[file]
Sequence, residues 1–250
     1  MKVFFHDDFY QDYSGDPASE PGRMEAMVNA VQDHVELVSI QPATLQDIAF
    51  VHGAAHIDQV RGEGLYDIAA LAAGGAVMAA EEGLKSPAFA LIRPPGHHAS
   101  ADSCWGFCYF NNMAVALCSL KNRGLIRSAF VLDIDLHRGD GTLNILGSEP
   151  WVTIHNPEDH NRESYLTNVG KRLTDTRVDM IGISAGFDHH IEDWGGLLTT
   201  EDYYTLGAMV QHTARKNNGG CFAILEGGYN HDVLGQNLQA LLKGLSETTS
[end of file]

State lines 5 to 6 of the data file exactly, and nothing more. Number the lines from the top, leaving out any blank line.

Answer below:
   151  WVTIHNPEDH NRESYLTNVG KRLTDTRVDM IGISAGFDHH IEDWGGLLTT
   201  EDYYTLGAMV QHTARKNNGG CFAILEGGYN HDVLGQNLQA LLKGLSETTS